Does Quitting Bread Reduce Weight?

Does Quitting Bread Reduce Weight?

We are searching data for your request:

Forums and discussions:
Manuals and reference books:
Data from registers:
Wait the end of the search in all databases.
Upon completion, a link will appear to access the found materials.

Avoiding bread products may help you cut calories.

Michael Blann/Digital Vision/Getty Images

If you currently eat a large amount of bread every day, quitting your bread habit may help you lose weight. Avoiding bread may also help you stay on a low-carbohydrate diet, which many people follow while working to lose weight. Weight loss, however, is achieved by creating a calorie deficit, meaning you take in fewer calories than you burn in a day through activity. If you cut out bread without creating a daily calorie deficit, you won't lose weight.

Calorie Savings

One slice of wheat bread contains roughly 80 calories, according the U.S. Department of Agriculture's National Nutrient Database. If you normally eat two slices of bread per day and quit eating bread without substituting something in its place, you would save 160 calories per day. A reduction of 3,500 calories equals 1 pound loss of body weight. So, over the course of a month, you'd reduce calories by 4,800 and lose roughly 1.4 pounds from cutting out two slices of bread. If you eat other foods in place of the bread you cut out, your calorie savings will not be as significant.

Removing Foods You Overeat

Most people have a food or foods that they are more prone to overeat than others. This weakness in willpower for a food can lead to binge eating, which stacks up calories. If you have a weakness for bread and overeat it often, cutting bread out may significantly decrease your daily calorie intake. It's best not to keep bread in your house if you're tempted to eat it. You may even want to avoid restaurants that bring bread before meals while making these diet changes.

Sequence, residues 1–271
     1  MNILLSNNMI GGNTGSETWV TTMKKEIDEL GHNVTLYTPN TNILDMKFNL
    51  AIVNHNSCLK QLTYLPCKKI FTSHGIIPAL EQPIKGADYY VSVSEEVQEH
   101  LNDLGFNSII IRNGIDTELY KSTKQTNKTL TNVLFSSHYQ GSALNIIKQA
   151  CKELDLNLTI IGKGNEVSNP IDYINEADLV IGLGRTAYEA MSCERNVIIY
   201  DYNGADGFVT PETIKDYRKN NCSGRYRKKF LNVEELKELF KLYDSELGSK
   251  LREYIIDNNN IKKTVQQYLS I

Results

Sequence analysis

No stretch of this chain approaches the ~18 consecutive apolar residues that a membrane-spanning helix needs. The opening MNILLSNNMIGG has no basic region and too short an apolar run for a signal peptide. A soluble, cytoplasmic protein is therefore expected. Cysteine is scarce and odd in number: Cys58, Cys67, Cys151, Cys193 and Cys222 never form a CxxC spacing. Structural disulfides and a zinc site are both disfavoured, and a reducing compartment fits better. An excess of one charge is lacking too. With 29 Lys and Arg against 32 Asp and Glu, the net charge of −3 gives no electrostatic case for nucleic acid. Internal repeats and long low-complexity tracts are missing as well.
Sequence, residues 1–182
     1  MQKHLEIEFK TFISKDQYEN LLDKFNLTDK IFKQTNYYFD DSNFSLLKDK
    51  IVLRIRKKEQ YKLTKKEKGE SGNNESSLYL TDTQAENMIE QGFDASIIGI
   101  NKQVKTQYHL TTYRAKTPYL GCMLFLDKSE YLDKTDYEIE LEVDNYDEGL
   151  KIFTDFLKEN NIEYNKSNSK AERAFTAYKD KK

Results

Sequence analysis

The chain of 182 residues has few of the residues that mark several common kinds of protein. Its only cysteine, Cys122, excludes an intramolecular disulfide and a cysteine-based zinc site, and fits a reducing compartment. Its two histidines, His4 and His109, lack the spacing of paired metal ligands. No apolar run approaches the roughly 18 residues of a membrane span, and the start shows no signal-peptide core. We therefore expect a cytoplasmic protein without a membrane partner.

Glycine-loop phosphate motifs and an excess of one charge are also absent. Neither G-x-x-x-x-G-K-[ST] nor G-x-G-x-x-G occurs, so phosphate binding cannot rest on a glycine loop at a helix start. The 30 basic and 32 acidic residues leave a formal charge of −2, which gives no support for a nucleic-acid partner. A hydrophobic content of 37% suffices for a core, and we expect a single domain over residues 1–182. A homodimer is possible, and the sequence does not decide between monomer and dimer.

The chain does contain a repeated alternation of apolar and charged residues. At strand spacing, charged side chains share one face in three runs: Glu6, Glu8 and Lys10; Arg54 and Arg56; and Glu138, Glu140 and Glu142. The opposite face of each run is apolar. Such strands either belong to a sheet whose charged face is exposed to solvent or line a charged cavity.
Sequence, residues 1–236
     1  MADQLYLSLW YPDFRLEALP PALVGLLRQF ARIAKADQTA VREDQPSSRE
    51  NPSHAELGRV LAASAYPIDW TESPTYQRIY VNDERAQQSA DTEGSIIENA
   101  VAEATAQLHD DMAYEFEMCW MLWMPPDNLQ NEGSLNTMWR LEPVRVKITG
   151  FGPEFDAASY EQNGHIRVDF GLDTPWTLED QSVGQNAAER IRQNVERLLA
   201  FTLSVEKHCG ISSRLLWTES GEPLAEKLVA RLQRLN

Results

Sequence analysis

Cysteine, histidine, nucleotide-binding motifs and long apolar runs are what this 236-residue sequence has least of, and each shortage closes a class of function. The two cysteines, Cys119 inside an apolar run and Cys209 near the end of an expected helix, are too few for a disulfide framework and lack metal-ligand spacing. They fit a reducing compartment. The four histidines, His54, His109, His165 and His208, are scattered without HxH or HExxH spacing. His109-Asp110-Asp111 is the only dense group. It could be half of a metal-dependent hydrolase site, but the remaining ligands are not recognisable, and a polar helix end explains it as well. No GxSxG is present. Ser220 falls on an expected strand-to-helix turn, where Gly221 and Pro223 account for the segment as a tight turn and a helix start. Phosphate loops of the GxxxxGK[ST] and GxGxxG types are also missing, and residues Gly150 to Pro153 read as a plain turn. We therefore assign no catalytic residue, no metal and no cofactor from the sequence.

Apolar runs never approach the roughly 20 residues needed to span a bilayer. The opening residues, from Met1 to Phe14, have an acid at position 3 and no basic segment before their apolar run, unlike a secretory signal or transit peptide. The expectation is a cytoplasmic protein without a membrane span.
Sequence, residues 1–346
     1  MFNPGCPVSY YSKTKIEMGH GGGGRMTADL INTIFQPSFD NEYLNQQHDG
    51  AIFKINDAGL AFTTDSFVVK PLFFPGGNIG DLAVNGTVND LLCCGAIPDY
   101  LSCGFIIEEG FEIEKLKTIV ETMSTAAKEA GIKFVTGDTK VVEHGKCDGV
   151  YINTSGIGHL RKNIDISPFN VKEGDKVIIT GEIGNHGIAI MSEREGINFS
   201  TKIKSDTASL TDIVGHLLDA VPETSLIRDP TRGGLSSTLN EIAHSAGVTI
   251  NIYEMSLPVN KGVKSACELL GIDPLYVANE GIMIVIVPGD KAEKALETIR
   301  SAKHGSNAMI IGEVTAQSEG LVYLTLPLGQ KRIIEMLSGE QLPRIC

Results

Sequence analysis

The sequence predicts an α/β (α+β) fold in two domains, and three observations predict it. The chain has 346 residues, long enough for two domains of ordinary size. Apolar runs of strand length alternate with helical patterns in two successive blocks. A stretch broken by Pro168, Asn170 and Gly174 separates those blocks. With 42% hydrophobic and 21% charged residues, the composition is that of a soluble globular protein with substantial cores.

Low-Carb Eating

Many people cut out bread and other carbohydrate-rich foods, such as pasta, potatoes and whole grains, when working to lose weight. These low-carb diets may be helpful for promoting weight loss initially. A September 2004 article in "The Lancet," notes that greater weight loss is achieved in the first six months on a low-carbohydrate diet than a low-fat diet. No difference in weight loss is seen between the two diets after 12 months, however. According to a February 2009 article in "The New England Journal of Medicine," reduced-calorie diets are successful for attaining weight loss regardless of their carbohydrate content.

Suggestions for Weight Loss

According to the National Weight Control Registry, successful weight-loss plans include both a reduction in calorie intake and an increase in physical activity. The registry reports that at least 90 percent of people who achieve weight loss exercise about one hour per day. It may also be helpful to track your food and calorie intake. If you don't track, you won't know how many calories you've eaten. Recording your intake also increases accountability to yourself for how much you've eaten. Over time, your avoidance of bread and new eating habits will become routine.


  1. Theodore

    I saw… I saw…. Everything is too exaggerated, but cool)))

  2. Fabian

    What a good phrase

  3. Taular

    I think you are not right. I'm sure. Write in PM, we will communicate.

  4. Tobar

    Well written, if in more detail, of course. Would be much better. But in any case, it is true.

Write a message